From selecting the news we read online to helping us find true love on dating websites, algorithms are capable of all kinds of amazing things. But now they might be poised to answer an age-old question that has long plagued humanity: Just how much coffee should you drink in a day in order to operate with maximum alertness?That’s the goal of a new automated optimization algorithm created by researchers working for the U.S. Army. Its purpose is to figure out how much coffee is needed keep people alert when suffering the effects of sleep loss.
“Eighty percent of the U.S. population consumes about two cups of coffee a day, and often more when we feel fatigued and desire an alertness jolt,” Dr. Jaques Reifman, lead researcher on the project, told Digital Trends. “The U.S. Army has developed algorithms that allows service members and the public at large to determine when and how much caffeine to consume so to optimize alertness at the desired times and duration. When we compared the optimization algorithm results against experimental studies, we found that the algorithm improved alertness and decreased caffeine use by as much as 65 percent.”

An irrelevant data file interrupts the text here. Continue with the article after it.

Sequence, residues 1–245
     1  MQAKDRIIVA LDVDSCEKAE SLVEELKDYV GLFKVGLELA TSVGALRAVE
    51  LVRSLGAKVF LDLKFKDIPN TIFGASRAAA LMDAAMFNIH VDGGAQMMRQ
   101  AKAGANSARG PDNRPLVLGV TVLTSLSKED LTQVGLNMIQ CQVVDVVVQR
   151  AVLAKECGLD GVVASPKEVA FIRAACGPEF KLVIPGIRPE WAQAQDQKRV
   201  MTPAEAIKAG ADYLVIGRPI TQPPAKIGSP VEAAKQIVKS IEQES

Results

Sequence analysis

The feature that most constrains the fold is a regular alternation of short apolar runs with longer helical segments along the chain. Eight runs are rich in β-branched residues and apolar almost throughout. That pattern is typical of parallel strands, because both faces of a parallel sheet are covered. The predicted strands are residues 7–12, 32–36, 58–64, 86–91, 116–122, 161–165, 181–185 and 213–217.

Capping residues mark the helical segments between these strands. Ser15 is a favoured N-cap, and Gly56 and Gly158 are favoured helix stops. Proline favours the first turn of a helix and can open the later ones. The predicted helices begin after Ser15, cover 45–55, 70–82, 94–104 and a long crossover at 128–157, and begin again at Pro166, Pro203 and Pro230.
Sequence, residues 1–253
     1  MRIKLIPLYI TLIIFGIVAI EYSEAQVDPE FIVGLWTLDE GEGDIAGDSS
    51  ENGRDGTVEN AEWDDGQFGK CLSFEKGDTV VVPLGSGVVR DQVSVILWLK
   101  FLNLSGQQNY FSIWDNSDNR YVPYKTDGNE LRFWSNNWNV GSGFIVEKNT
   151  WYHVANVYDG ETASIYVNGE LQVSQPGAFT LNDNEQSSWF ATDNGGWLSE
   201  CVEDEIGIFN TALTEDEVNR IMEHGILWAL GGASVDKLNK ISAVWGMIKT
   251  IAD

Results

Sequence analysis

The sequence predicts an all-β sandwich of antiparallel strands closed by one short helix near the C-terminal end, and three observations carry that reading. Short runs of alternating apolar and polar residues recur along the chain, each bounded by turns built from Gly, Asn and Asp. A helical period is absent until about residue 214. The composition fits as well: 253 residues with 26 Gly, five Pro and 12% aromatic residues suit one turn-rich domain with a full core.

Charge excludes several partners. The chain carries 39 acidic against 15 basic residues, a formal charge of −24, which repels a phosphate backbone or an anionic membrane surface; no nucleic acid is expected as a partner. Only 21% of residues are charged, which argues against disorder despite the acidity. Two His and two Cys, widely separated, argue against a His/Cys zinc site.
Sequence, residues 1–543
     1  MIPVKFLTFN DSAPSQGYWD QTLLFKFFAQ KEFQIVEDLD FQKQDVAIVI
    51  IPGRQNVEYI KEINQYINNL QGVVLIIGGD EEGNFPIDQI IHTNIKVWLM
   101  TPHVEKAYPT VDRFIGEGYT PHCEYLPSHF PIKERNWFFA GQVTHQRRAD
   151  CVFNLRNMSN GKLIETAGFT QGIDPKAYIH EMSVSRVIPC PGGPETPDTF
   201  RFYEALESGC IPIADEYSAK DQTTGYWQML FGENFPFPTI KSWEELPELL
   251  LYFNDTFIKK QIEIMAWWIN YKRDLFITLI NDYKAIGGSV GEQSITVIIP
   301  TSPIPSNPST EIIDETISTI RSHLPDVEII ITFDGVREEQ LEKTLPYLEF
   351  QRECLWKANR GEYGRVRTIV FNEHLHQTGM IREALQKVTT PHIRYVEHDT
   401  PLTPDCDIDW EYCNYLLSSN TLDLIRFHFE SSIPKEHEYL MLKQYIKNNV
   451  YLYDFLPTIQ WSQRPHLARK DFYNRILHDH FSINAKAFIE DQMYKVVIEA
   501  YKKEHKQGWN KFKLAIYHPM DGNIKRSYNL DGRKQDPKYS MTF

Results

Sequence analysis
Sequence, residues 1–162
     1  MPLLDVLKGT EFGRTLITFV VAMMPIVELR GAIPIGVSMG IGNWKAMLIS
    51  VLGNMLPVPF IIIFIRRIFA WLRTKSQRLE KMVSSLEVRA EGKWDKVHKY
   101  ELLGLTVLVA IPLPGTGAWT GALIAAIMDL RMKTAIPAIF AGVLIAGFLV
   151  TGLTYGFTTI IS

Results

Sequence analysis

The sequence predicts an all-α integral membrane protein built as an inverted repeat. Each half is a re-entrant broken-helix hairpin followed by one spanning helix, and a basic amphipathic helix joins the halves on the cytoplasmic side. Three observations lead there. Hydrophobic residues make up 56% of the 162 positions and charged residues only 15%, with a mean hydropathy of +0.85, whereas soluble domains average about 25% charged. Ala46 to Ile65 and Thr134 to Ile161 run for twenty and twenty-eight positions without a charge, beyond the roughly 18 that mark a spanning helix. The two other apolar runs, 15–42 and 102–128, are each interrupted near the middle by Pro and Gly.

As noted, the algorithm was able to cut caffeine intake by up to 65 percent, while at the same time increasing alertness by up to 64 percent.
“While this is a dual-use technology, our focus is on improving alertness of our warfighters, who are often challenged with considerable sleep debt,” Reifman said. “Forty percent of [these servicemen and women] sleep less than five hours per night on a consistent basis. In the civilian side, the algorithm has wide applicability for shift workers in the transportation industry, medical caregivers, firefighters, students, [and others.]”
At present, there’s no word on when or if this algorithm will be incorporated into a consumer-facing caffeine strategy app. As major coffee lovers, we’d love to see it, though. After all, our Apple Watches tell us when to stand up and get some exercise. Who wouldn’t also want to be reminded by their wearable device or smartphone that they need to get up and fetch themselves a cup of joe to remain at peak performance?
A paper describing the work was recently published in the Journal of Sleep Research.